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WTA history as ‘Original Nine’ inducted into Hall of Fame 50 years on

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The forerunners to the WTA have been recognised for their invaluable contribution to the history of tennis.

The ‘Original Nine’ took a huge step towards equality in tennis with their formation of the Virginia Slims Circuit following the 1970 Houston Women’s Invitation.

The WTA itself was founded soon after, just prior to Wimbledon 1973.

“The nine of us, along with our fearless leader Gladys Heldman, had one vision for the future of women’s tennis,” Billie Jean King said in her induction speech at the International Tennis Hall of Fame at Newport.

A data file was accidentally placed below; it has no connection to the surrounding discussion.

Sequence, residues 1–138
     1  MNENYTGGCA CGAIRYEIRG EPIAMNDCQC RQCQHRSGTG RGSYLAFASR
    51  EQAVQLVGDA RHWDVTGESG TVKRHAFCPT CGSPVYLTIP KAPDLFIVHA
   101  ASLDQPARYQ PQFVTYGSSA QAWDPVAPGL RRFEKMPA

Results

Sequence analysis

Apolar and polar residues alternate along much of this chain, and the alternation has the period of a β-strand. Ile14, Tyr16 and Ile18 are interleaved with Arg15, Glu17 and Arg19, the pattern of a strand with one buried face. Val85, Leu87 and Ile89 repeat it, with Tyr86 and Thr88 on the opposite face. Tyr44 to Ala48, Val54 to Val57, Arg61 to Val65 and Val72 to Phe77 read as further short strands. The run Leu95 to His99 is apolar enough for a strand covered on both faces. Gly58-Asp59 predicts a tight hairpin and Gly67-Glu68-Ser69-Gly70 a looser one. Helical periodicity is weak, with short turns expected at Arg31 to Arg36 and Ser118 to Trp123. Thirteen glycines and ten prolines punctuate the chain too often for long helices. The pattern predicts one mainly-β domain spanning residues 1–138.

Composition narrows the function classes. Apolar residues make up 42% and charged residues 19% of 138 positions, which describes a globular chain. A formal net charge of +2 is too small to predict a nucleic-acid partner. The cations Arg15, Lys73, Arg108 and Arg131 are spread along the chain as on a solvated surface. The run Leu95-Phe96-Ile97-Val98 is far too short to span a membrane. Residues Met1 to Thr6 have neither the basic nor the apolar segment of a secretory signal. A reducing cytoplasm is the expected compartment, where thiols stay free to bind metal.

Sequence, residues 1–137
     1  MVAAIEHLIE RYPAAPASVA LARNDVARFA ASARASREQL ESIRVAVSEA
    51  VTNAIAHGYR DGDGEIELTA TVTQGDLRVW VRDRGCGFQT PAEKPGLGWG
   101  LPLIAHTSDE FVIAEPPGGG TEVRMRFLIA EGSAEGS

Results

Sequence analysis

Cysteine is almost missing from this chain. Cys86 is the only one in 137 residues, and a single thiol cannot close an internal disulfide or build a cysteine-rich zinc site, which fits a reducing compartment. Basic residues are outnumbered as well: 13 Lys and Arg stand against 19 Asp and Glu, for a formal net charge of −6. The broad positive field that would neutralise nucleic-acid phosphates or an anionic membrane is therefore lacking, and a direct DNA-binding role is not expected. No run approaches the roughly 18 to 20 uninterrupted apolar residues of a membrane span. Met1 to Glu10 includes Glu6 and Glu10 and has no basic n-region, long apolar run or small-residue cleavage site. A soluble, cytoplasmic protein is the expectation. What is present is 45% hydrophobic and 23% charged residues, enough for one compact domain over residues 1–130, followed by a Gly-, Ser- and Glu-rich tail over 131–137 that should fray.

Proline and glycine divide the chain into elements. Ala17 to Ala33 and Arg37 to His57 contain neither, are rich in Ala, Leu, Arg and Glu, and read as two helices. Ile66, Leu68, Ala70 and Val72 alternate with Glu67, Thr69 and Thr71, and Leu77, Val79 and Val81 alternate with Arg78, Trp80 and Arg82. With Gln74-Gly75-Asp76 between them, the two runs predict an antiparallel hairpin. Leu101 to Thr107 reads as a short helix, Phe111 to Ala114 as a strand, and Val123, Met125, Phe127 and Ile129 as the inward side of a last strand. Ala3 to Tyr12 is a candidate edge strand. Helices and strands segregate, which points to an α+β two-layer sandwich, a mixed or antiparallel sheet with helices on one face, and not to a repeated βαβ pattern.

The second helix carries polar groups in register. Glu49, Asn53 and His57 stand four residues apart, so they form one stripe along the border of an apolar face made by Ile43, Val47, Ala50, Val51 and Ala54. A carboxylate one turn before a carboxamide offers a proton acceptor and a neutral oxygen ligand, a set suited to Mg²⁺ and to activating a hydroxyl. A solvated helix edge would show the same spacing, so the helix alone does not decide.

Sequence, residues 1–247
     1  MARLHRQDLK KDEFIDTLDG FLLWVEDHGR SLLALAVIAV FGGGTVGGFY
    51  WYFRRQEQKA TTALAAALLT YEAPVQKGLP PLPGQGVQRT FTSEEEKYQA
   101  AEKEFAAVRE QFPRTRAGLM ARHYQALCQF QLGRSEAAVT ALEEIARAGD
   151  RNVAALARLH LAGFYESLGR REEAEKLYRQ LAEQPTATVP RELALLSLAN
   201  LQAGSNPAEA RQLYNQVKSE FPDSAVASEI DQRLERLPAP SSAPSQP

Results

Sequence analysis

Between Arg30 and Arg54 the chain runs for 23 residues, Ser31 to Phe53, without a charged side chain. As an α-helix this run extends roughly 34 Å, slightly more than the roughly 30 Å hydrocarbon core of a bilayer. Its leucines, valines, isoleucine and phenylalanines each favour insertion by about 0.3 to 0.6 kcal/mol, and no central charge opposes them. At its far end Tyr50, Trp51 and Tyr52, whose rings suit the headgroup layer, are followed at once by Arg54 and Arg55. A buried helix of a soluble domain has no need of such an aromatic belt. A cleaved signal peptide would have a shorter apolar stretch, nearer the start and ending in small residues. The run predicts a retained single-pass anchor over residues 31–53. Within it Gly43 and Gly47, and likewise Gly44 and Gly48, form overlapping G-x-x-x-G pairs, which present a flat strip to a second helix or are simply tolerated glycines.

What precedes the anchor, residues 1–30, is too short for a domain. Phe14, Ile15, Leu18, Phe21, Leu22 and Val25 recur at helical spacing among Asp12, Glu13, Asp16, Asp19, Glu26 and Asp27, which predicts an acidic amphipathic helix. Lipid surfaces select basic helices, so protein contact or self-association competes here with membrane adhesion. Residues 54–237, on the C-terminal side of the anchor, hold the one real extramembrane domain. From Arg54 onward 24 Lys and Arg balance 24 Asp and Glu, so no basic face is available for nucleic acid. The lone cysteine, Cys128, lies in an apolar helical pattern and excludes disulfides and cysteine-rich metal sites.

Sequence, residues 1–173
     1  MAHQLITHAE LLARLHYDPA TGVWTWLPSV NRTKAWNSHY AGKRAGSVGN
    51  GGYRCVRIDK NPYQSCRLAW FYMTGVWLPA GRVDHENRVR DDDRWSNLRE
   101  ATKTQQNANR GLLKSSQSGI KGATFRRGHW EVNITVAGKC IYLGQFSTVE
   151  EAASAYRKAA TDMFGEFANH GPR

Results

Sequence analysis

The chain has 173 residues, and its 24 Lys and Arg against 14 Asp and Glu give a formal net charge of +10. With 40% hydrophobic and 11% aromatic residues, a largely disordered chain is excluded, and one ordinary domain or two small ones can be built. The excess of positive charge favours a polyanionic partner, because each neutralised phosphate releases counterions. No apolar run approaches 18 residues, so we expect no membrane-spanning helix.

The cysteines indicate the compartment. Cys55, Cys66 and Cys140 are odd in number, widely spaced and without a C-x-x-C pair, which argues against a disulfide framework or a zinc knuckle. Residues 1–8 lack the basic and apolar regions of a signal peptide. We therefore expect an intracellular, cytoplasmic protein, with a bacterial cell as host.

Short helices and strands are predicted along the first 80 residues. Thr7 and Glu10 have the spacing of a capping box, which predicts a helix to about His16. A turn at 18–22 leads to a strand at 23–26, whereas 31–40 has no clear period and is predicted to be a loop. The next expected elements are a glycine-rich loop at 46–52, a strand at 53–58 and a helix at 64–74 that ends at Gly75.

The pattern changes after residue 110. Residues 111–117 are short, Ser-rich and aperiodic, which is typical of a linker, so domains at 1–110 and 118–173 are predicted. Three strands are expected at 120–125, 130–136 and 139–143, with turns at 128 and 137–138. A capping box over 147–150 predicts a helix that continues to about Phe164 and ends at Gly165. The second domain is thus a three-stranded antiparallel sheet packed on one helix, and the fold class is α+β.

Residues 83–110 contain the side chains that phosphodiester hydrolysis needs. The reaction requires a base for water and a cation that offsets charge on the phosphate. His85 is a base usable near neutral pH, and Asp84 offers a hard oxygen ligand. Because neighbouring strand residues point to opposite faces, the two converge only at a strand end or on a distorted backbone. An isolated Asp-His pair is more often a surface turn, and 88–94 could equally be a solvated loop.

“We wanted any girl in the world, if she was good enough, to have a place to compete, to be recognised for her accomplishments, not only her looks, and most importantly, to be able to make a living playing professional tennis.”

King, along with Peaches Bartkowicz, Rosie Casals, Julie Heldman, Kristy Pigeon, Nancy Richey, Valerie Ziegenfuss, Judy Dalton and Kerry Melville Reid are the first group of athletes to be accepted into the elite sporting organisation. King was inducted as an individual back in 1987.

“Women’s tennis, because of that moment, is still relevant because we’re the leaders of many sports,” King said when asked of the significance of what the ‘Nine’ did.

“Because of that moment, every time a woman gets a check of any kind, whether it be at a WTA Tour event, the majors, whatever, it’s because of that moment of time.”

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